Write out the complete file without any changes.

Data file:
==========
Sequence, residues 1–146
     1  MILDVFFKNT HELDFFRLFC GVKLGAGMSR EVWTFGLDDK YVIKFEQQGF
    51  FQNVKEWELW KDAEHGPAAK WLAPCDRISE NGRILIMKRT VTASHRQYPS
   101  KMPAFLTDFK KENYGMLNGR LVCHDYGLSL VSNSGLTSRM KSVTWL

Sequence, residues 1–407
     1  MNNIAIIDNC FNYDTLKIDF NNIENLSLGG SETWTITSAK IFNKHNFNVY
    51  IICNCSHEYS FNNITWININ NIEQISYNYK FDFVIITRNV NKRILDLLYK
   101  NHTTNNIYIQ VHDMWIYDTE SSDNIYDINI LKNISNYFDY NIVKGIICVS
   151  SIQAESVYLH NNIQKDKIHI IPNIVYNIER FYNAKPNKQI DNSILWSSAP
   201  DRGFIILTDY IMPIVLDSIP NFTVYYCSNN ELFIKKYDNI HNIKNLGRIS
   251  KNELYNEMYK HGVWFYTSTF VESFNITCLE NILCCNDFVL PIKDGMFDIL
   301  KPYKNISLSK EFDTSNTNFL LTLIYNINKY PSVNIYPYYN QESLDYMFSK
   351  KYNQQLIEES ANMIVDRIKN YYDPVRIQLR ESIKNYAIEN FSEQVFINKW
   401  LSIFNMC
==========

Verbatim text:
Sequence, residues 1–146
     1  MILDVFFKNT HELDFFRLFC GVKLGAGMSR EVWTFGLDDK YVIKFEQQGF
    51  FQNVKEWELW KDAEHGPAAK WLAPCDRISE NGRILIMKRT VTASHRQYPS
   101  KMPAFLTDFK KENYGMLNGR LVCHDYGLSL VSNSGLTSRM KSVTWL

Sequence, residues 1–407
     1  MNNIAIIDNC FNYDTLKIDF NNIENLSLGG SETWTITSAK IFNKHNFNVY
    51  IICNCSHEYS FNNITWININ NIEQISYNYK FDFVIITRNV NKRILDLLYK
   101  NHTTNNIYIQ VHDMWIYDTE SSDNIYDINI LKNISNYFDY NIVKGIICVS
   151  SIQAESVYLH NNIQKDKIHI IPNIVYNIER FYNAKPNKQI DNSILWSSAP
   201  DRGFIILTDY IMPIVLDSIP NFTVYYCSNN ELFIKKYDNI HNIKNLGRIS
   251  KNELYNEMYK HGVWFYTSTF VESFNITCLE NILCCNDFVL PIKDGMFDIL
   301  KPYKNISLSK EFDTSNTNFL LTLIYNINKY PSVNIYPYYN QESLDYMFSK
   351  KYNQQLIEES ANMIVDRIKN YYDPVRIQLR ESIKNYAIEN FSEQVFINKW
   401  LSIFNMC